Current Context for Mathematics and Science Education

In the late 1980s, "state and district policy makers (along with many professional subject matter associations and private foundations) turned their attention from the number of academic courses to the quality of the core academic content being taught in public schools" (Massell et al., 1997, p. 1). The standards movement-as launched by the work of the National Council of Teachers of Mathematics (NCTM) and continued in science by the National Research Council (NRC)-is an impetus and tool for this redirection of attention. It is a vehicle for moving toward Goal 5 of the National Education Goals-"By the year 2000, United States students will be first in the world in mathematics and science achievement." Now, in the late 1990s, attention is focused again on the quality of core academic content. President Clinton has called for a national voluntary test in eighth grade mathematics and has directed the National Science Foundation and the U.S. Department of Education to prepare an action strategy for the improvement of K-8 mathematics education. Mathematics and science education continue to benefit from high levels of visibility and attention in the public and policy arenas.

Some of the current attention to mathematics and science education is the result of international comparisons. The release of the Third International Mathematics and Science Study (TIMSS) reported that U.S. eighth grade students were slightly below average in mathematics and average in science achievement in comparison with their counterparts in more than 40 other countries around the world (National Center for Educational Statistics [NCES], 1996); fourth graders were average in mathematics and above average in science (NCES, 1997). TIMSS also reported on factors that may influence mathematics and science performance, including the nature of educational systems, the role of curriculum, time spent in school, and the breadth and depth of topics covered in school mathematics and science programs.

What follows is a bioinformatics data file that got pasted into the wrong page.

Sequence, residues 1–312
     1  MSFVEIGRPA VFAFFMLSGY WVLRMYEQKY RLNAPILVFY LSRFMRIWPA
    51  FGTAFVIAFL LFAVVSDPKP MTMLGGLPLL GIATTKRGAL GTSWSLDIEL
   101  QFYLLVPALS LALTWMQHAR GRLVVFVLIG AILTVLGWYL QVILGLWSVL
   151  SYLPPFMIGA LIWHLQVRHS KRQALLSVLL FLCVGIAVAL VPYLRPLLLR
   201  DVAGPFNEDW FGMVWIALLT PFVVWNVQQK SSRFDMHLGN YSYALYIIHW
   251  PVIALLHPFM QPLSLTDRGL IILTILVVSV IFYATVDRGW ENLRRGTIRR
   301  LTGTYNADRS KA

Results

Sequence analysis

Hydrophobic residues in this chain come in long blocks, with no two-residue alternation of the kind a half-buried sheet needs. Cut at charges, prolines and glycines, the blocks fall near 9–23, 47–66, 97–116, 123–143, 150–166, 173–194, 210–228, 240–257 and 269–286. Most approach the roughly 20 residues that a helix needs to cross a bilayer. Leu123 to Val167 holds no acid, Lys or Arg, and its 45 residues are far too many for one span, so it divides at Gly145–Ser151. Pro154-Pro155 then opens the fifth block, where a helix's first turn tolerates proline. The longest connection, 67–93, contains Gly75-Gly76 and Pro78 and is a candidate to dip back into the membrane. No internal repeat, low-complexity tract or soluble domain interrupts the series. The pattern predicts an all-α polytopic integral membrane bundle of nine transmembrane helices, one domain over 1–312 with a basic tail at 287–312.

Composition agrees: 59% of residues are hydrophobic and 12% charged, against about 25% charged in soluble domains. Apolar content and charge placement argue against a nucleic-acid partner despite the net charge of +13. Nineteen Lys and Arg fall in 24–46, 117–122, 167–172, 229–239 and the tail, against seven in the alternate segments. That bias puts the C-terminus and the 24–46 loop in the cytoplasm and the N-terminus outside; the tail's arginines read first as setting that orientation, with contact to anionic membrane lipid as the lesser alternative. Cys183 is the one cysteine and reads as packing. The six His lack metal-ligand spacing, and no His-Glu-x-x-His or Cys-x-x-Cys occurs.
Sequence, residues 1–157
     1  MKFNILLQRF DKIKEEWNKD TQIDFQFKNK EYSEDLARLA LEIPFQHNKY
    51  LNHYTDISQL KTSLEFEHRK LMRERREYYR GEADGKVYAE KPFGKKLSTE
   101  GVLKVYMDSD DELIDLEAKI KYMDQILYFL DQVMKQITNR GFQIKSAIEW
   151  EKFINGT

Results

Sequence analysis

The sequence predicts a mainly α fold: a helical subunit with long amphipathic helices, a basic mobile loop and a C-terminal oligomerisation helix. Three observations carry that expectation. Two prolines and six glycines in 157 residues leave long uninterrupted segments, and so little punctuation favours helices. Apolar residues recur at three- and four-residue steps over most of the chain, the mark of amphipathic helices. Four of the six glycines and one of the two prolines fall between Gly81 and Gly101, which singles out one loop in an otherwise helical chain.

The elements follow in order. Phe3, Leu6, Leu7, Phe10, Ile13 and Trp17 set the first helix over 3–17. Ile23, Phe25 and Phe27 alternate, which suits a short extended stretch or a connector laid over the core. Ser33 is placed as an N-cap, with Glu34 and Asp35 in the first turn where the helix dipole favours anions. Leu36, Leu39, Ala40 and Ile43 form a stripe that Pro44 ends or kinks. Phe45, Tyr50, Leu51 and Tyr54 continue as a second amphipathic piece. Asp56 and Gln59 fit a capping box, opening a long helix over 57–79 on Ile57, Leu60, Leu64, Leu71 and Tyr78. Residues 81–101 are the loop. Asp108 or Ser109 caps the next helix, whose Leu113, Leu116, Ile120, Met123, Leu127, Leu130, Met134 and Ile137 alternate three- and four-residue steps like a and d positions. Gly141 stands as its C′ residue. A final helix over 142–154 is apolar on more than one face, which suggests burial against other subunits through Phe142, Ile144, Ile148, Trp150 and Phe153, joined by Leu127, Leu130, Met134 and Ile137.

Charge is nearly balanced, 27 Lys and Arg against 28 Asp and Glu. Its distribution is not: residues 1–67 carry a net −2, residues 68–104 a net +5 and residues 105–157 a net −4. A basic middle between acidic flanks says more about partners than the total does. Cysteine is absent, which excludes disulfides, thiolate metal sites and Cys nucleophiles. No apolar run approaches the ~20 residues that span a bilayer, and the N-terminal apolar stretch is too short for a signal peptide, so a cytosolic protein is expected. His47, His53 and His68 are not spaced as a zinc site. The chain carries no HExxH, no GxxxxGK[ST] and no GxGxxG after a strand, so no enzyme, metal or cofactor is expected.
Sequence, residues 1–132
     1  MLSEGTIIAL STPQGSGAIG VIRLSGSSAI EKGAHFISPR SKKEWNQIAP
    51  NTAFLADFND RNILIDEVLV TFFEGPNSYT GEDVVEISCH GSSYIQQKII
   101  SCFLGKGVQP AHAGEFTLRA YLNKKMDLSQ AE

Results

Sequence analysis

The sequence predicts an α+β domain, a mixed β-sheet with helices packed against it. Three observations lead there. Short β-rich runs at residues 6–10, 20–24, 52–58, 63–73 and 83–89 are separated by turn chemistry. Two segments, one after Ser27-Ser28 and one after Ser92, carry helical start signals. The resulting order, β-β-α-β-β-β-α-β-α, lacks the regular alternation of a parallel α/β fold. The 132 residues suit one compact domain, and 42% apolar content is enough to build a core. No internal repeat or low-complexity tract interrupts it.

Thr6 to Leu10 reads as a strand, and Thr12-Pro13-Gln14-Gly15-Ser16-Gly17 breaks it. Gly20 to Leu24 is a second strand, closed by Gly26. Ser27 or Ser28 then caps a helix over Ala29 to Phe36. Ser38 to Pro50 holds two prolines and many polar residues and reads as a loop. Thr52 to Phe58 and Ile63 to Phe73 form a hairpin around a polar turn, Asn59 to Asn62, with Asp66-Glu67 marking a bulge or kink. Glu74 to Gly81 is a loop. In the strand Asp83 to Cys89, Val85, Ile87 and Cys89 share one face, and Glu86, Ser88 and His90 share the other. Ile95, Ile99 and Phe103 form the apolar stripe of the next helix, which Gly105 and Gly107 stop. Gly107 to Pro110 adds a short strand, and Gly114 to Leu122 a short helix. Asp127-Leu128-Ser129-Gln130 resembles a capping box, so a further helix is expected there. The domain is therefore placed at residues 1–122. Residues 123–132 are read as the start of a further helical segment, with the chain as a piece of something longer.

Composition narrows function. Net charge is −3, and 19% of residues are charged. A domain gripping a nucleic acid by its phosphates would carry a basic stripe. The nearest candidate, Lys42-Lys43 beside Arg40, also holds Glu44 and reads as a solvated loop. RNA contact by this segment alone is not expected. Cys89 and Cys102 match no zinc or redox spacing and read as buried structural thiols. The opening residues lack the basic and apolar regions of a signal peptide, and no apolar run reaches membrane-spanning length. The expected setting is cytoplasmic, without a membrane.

National and international benchmarking, which can draw from the goals of standards, is a focal point for public policy discussions of education at the state level. Results from TIMSS and from the 1996 National Assessment of Educational Progress (O'Sullivan, Reese, & Mazzeo, 1997; Reese et al., 1997) have stimulated discussions of how well students are doing in mathematics and science in comparison to those in other countries and states. A study of tests taken by high school students around the world, conducted by the American Federation of Teachers and the National Center for Improving Science Education (AFT & NCISE, 1997), has furthered the discussion of whether our expectations for students are sufficiently high.

At the same time, barriers and challenges to reform of science and mathematics education have persisted. Achieving public consensus has at times been problematic (Massell et al., 1997). Throughout the reform literature there is discussion of the need for teacher professional development to support the proposed changes of the standards documents (NCTM, 1991; Zucker, 1997). Textbooks and instructional materials are also needed as support for standards-based reform (Tyson, 1997). Questions of how teacher and student motivation and beliefs interact with reform and issues of administrative support merit further examinations as potential challenges to reform (Tyson, 1997).

There is current debate in the field about the directions and goals of mathematics education reform. This debate is due, in part, to different interpretations of the NCTM Standards-e.g., whether the Standards pay attention to basic